Why I can´t input a “GH_Structure<GH_Line>” tree in the next component without obtaining an error?

Because there is code in between a Grasshopper component and the script you are writing. If you are interested in how it works use a decompiler like ILSpy or DNSpy and see the implementation for the C# component for yourself. Any component uses a GH_Structure to pass data around, but before it enters the ScriptInstance with the Runscript method, any data is converted into a DataTree or a list or as a single item. If you return a GH_Structure it simply doesn’t expect that and fails. Or more precise you can return a GH_Structure but under the hood you return it as structure in a structure. This is also true for the other way around, if you instantiate a GH_Structure, you have GH_Structure in a GH_Structure. This is what you do in your example. The next component doesn’t know how to deal with something like this.

A script component wants you to work with a DataTree a List or a single item of any type. I remember that the author once said this was a design decision to simplify scripting for rather inexperienced programmers, like most GH users are.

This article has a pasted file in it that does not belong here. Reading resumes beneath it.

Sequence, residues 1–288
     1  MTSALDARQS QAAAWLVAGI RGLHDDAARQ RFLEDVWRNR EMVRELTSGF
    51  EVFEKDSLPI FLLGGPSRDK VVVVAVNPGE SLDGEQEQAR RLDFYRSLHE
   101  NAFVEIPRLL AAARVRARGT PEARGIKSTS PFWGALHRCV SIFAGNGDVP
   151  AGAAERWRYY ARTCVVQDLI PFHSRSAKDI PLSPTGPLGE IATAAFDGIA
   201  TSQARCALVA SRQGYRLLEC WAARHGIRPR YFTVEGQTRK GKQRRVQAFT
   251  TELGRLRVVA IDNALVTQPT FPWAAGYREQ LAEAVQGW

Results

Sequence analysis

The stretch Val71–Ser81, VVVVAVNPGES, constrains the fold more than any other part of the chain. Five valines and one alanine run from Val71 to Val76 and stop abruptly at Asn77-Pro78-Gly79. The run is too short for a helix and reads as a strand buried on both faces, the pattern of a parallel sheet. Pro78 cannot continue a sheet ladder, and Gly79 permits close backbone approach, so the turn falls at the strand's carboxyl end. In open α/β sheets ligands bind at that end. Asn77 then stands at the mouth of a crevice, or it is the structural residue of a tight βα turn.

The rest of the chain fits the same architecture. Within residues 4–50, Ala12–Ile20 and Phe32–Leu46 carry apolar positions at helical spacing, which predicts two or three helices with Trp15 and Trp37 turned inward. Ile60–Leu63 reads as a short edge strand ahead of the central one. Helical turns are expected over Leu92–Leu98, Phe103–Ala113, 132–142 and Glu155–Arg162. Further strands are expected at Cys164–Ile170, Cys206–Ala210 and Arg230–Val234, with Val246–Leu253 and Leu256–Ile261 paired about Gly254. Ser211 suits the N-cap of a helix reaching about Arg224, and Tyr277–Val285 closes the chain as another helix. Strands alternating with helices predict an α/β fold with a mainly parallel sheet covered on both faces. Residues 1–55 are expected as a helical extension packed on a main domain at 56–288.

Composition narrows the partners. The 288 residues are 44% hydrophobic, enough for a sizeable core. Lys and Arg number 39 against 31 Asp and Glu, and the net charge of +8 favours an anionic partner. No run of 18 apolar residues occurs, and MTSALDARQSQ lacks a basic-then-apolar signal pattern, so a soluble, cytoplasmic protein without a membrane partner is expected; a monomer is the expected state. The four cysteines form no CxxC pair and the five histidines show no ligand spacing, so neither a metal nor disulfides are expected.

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Ok, thanks for your explanations. I think now I more or less get the point.

Do you know any workaround for output like those you said in your post for input or it is just totally impossible?

In any case, thanks a lot for your help!!

As I said, I linked you the example of a similar problem. If you don’t want to write a custom plugin and stick to a C# script component, then the trick is to find the component before and after the script and directly inject/retreive the data. This code is not obvious and it can be done in multiple ways. But if you examine the LINQ query carefully you see one way of achieving this.